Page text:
in 1897 were fixed as follows: New York,
August 23-27; Ohio, August 30-September
4; Michigan and Minnesota, September 6
-11; Indiana and lowa, September 13-18;
Missouri and Nebraska. September 20-25;
Illinois, September 27-October 2; Missouri,
October 4-9; South Dakota, October 11-16.
Baltimore and Ohio Affairs.
BALTIMORE, Md., Nov. 20.— John K.
Cowen and Oscar G. Murray, receivers of
the Baltimore and Ohio Railroad, to-day
ask d permission of the United States
court to issue $960,000 in certificates of in
debtedness, which would be a lien on the
property of the Maryland Construction
Company, and to apply tbe proceeds to
paying debts of that company now due to
the extent of $465,000, to pay $391,000 for
tbe electric plant, which they say will be
self-supporting, and to apply $100,000 to
tbe construction of trainsheds at Camden
Xational Hardware Association.
PHILADELPHIA, Pa., Nov. 20.— The
National Hardware Association of the
United States to-day elected the following
officers: President, William W. Supplee,
Philadelphia; first vice-president, H. H.
Bishop, Cleveland; second vice-president,
John Ailing, Chicago. Executive com
mittee—For three years: John Bindley,
Pittsburg; William Chamberlain, Port
land, Me. For two years: F. H. Strong,
St. Paul; Theodore D. Buhl, Detroit. For
one year: Bruce Hayden, San Francieco;
Colonel Norris B. Belknap, Louisville.
Sioux City's Defunct Bunk.
SIOUX CITY, lowa, Nov. 20.— Bank
Examiner Blanding to-day took charge of
the defunct First National Bank. The
officers bave received offers of assistance
and may be able to reopen soon. The fol
lowing statement of the condition of the
Sioux City Savings Bank, for which a re
ceiver was appointed yesterday, was ra»>ie
to-day: Assets, bills receivable, $118,
-588 68; real estate, $34,51488; cash on band
and stocks and bonds, $S4M3 48; liabilities,
stocks and surplus, $55,463 97; deposits,
?106,136 07.
Xurdered by a fiegro.
STARKVILLE, Miss., Nov. 20.— Eugene
Ballington, a prominent young white man
of this place, was shot and seriously
wounded this morning by a negro. The
shooting was entirely unprovoked, and
the negro at once made for the woods.
There have been forty men with dogs on
bis track all evening, but at last accounts
they were an hour behind him. Excite
ment is high, aud if the nepro is caught
there may be a lynching, as tnis is the
third assault to murder by negroes on
whites within a week at this place.
Carpet Mills Close.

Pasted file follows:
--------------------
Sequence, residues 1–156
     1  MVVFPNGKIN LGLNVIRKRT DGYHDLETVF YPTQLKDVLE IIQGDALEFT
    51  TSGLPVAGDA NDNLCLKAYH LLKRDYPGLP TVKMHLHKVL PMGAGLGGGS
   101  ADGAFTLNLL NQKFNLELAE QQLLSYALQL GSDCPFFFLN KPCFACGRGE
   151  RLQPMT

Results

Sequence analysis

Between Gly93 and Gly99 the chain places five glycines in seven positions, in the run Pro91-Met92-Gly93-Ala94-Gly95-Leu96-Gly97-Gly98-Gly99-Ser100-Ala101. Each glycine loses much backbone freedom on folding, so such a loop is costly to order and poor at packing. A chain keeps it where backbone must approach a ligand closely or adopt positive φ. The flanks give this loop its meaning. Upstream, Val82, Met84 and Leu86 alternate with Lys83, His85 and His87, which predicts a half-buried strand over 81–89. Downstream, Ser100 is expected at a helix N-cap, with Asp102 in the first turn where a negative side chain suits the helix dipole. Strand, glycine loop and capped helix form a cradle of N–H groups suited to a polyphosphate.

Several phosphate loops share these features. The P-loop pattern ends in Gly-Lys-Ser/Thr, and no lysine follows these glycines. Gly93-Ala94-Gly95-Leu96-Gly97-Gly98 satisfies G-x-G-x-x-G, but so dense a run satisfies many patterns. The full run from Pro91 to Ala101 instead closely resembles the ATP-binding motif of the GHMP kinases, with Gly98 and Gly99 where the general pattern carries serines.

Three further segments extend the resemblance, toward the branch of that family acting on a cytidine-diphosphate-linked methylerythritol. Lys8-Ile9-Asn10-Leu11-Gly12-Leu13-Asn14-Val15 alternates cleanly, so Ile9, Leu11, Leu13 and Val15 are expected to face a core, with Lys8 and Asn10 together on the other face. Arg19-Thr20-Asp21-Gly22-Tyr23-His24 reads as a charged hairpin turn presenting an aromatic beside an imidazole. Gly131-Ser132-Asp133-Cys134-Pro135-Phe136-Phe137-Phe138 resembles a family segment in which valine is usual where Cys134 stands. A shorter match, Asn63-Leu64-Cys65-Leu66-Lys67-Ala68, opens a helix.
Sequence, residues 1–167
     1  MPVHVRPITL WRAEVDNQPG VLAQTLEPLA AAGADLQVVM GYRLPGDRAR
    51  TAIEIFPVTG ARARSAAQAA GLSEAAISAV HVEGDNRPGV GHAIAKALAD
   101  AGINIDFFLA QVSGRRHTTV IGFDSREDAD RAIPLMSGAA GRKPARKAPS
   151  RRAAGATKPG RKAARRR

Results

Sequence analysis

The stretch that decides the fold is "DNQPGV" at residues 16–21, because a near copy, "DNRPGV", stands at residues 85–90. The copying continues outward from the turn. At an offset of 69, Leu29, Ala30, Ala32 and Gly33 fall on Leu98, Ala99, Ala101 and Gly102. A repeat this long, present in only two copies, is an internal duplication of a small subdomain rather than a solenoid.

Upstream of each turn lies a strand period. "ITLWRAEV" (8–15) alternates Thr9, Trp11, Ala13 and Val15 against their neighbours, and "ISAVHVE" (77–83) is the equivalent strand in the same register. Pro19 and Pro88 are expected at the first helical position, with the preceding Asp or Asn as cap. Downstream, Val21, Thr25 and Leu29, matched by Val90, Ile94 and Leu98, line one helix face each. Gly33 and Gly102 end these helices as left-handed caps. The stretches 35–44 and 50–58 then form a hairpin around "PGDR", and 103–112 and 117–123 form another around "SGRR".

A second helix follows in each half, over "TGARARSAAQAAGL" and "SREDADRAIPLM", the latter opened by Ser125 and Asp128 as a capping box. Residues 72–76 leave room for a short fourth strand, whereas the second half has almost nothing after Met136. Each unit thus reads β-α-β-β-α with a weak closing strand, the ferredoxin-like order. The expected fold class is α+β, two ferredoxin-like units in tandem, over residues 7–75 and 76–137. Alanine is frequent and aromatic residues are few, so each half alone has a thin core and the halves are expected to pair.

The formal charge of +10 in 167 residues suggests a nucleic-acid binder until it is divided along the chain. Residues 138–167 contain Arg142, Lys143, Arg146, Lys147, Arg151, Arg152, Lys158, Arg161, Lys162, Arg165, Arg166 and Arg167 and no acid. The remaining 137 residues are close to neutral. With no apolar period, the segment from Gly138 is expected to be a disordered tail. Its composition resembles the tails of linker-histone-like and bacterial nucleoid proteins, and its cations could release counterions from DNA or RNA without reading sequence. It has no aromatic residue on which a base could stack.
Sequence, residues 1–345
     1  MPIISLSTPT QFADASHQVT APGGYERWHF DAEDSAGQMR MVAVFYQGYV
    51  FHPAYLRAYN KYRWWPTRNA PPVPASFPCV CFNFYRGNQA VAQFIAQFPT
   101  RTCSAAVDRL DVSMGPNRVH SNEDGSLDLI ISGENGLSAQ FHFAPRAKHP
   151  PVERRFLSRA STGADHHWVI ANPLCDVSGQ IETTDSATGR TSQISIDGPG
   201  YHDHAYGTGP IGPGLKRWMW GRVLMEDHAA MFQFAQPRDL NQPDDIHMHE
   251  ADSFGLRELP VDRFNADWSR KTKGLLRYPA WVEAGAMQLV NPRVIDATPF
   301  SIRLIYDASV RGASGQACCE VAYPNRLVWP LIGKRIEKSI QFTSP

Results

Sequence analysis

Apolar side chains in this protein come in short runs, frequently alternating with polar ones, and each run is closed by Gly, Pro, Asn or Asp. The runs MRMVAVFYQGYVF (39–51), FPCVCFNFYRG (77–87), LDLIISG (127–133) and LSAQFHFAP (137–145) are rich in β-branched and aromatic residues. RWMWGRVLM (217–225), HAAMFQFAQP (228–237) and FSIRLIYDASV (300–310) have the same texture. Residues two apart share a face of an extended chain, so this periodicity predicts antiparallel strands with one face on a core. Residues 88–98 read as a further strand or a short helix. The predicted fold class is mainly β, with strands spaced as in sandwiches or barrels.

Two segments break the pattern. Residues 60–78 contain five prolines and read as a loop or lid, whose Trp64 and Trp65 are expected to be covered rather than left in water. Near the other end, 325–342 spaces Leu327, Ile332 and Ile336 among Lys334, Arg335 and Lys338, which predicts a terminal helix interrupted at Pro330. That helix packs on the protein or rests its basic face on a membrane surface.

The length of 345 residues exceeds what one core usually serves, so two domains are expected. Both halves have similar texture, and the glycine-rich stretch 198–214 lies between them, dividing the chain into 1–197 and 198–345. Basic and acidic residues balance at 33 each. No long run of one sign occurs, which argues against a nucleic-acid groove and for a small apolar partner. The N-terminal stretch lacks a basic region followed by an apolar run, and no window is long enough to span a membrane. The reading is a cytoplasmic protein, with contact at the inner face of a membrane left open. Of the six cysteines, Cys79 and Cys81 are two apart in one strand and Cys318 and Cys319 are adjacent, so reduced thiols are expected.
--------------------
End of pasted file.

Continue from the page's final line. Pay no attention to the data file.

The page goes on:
YONKERS, N. V., Nov. 20.— Owing to
a large sttrpius of carpets on hand, the big
tapestry mill of the Alexander Smith &
Sons Carpet Company closed down to-day.
It is rumored that the shutting down of
other mills operated by the company will
shortly follow. To-day's shutdown
throws from 3000 to 4000 hands out of em
ployment. Jt is stated that if the rumors
of closing down of other mills prove true,
there will be 7'"*oo hands out of employ
ment. The Smith Carpet Mills are the
largest in the world.
Acquittal of a Slayer.
HOT SPRINGS, Ark.. Nov. 20.— Mayor
W. W. Waters was acquitted last night of
killing Harry Martin, a hotel drummer,
last May. The jury was out but a short J
time when it returned a verdict of not ]
guilty. Waters killed Martin in a street \
lijrnt caused by an assault upon the former
on account of an accusation that he had!
violated his promise to protect the drum
mers in the event of his election to the
11l It ralth and Suicide.
ST. LOUIS, Mo.. Nov. 20.— Harry Sher
wood, manager of the title department of
the St. Louis Trust Company, blew out
bis brains this afternoon at his home,
4611 Morgan street. Sherwood is a son of
Judge Sherwood of tbe bupreme Court.
No cause is known for the self-destruction,
but bherwood has been in ill health
lately. It is stated tbat his accounts at
the Trust Company are all right.
Dr. Conaty to Succeed Keane.
BALTIMORE, Md., Nov. 20.— The an-
nouncement is made here that the Holy
Father has appointed Rev. Dr. Thomas
Conaty of Worcester, Mass., to succeed
Bishop Keane as rector of the Catholic
University at Washington. Dr. Conaty
is 40, and was born in Ireland. He was
reared and educated in America.
Hit Body found in the Lake.
CLEVELAND, Ohio, Nov. 20. — The
body of William Cody, who recently came
to Cleveland from Omaha, has been found
in the lake, he was employed as a clerk
In the New England Hotel, and was
stricken with typhoid fever. It is thought
tbat he drowned himself in a lit of
temporary insanity.
Work Resumed at a Vine.
ISPHEMING, Mich., Nov. 20.— Two
pumps of me Angeline iron mine were
started to-day and the mine will resume
full work Monday. Six hundred men
will be put to work within a week as rap
idly as places can be tound for them by
the unwatering of the mine.
Admission free. Lecmre on our Lord's Com
ing, Odd Fellows' Hall, Sunday night. •
Princeton and Yale Boys
Ready for the Big
Will the Sons of Old Eli Beat
the Historic Students of
Nassau ?
Both Teams Ready to Put Up a Great
Game cf Football To-Day on
Manhattan Field.
NEW YORK, N. V., Nov. 20.— With the
last finishing touches which were applied
this morning at New Haven and at
Princeton, the work of the great army of
coacbers and trainers is done, and the re
sult of the twenty-first annual struggle for
the football championship between the
elevens of Yale and Princeton lies in the